Portsmouth was a fitting place to consider how to maximise
cultural and sporting assets to create places where people want to live, visit
and work.The Mary Rose Museum illustrated the 35 year journey necessary to
preserve the iconic ship, create a heritage attraction and develop an
educational facility. Portsmouth FC, rising out of the ashes of administration,
showed how it was possible to rebuild an organisation through community
ownership but also the many challenges that came with it. An evening in the Spinnaker
Tower demonstrated how flagship iconic buildings can drive tourism and provide
local employment, given the time and willingness to embrace risk. Together,
they show how you need a long-term plan and a diverse and well-supported offer
to drive economic and social change in a locality.
Sir Peter put on an engaging show, illustrating the strong
funding partnership between Arts Council and local authorities even in tough
times. The challenge which he lay down was for proactive joint effort between
these partners to spread awareness in Whitehall and Westminster of the
potential of culture to help meet wider social objectives. He spoke about the
need for “holistic public investment in the arts” which could maximise this
opportunity. It will be interesting to see how the Council members will respond
to this call to action. He also spoke about a fresh report called “Wider
Benefits of Arts and Culture to Society” which will come out this week.
Tourism featured heavily across the conference. An upbeat
speech from Lady Cobham addressed the ways in which Visit England was working
to promote and work with local areas to maximise the benefits that tourism
brings. She pointed out that despite new markets opening up internationally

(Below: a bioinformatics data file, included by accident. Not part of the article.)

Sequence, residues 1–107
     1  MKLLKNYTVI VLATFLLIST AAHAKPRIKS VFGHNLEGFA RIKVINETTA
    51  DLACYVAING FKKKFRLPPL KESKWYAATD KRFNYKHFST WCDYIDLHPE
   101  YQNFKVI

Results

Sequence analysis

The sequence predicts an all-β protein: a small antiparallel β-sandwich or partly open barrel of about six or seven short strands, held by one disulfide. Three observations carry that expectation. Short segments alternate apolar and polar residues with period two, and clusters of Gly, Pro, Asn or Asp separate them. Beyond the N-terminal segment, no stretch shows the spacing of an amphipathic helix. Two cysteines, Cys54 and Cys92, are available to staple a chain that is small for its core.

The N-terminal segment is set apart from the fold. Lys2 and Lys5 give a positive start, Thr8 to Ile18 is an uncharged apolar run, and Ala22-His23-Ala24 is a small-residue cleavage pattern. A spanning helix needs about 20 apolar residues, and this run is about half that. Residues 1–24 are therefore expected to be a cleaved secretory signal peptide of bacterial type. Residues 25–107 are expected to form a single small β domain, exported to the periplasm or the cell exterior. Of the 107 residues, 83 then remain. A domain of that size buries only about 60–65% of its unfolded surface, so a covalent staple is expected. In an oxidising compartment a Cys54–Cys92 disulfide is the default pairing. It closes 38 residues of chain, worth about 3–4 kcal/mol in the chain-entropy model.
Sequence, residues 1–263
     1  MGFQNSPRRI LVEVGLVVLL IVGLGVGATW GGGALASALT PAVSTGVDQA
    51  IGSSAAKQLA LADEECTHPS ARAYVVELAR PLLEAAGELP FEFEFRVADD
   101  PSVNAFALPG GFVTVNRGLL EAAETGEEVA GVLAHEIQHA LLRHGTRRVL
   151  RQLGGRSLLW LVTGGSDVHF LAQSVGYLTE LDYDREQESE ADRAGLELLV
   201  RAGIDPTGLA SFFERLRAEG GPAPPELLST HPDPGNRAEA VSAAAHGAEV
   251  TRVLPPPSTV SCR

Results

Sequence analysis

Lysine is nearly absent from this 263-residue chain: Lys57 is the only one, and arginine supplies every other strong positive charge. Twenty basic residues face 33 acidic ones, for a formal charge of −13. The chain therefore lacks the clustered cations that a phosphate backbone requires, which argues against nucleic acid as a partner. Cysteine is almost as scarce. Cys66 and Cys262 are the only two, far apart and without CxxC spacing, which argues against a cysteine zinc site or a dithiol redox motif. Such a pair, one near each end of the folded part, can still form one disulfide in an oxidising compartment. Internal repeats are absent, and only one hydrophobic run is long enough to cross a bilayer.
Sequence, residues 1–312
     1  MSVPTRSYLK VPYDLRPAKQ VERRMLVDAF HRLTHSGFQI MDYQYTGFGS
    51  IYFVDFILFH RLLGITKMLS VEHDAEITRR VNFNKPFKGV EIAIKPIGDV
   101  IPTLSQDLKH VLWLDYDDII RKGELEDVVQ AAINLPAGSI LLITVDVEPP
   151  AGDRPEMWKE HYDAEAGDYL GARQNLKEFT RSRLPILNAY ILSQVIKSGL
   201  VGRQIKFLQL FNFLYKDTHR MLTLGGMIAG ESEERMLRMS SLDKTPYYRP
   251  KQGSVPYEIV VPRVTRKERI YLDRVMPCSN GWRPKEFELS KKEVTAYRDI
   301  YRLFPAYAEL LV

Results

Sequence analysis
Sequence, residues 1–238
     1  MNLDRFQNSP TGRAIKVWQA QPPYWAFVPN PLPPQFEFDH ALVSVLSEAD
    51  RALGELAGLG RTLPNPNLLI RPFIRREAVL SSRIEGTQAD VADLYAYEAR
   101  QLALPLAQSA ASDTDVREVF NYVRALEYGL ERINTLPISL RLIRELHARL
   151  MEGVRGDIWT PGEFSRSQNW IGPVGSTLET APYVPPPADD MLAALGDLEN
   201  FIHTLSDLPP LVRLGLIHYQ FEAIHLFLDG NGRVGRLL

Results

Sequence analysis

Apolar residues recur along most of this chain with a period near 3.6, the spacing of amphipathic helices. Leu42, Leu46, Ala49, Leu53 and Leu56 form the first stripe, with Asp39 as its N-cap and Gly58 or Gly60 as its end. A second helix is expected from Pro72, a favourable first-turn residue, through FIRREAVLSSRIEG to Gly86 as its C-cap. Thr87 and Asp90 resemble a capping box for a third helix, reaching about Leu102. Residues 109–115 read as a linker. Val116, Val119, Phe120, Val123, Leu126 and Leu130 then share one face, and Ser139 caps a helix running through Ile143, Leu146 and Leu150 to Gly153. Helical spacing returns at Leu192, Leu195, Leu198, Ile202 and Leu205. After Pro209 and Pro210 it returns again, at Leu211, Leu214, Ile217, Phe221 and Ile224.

from places such as China, visitors from the United States still made up the
largest share of international visitors.
Another seminar picked up the tourism thread, looking at the
differing experiences in York and West Oxfordshire. Visit York and local
businesses are apparently forming a new company to boost its profile and brand
internationally, using the ‘I Amsterdam’
model. It was interesting to note that a real concern from local government
colleagues was how to measure the impact of their investment in tourism.
Reflecting the post-London 2012 world we are in, there was
also plenty of talk across the conference on how to use national commemorations
or events to drive culture, heritage and tourism work. HLF talked about its
work to support First
World War commemoration activity, while the celebrations to mark the 800
years of the Magna Carta were also mentioned.
Enterprise Partnerships (LEPs) were a focus of workshop conversation that
flowed into the wider conference discussion. The consensus seemed to be that
they were only patchily engaged with the creative industries, nor they didn’t
seem to be accessible to local authorities. However, Maria Miller appeared not
to agree and felt that LEPs were serious about the creative economy.
The role of libraries featured in another session, looking
at their role in terms of welfare reform and in particular the role they could
play in helping people adapt to policies such as universal credit. Janene Cox,
President of Society of Chief Librarians, described the important work underway
that libraries play in helping fill the gaps in computer access and IT skills
for the 8 million people in the UK who lack access to the internet.
All in all, a diverse discussion took place across the
conference on unlocking the potential of local assets in difficult times. A
strong theme emerged: public sector investment needs more than ever to be
backed with good evidence to reassure decision-makers that the money is being
If you have any questions about the conference email me at or leave a comment below and
I will do my best to answer them!
A slightly extended version of this blog can also be found
at the BOP Consulting website here.
You can also follow Gregg on Twitter – @Gregg_H
You may also be interested in Connected
London, A New Direction’s local government and place-based partnerships and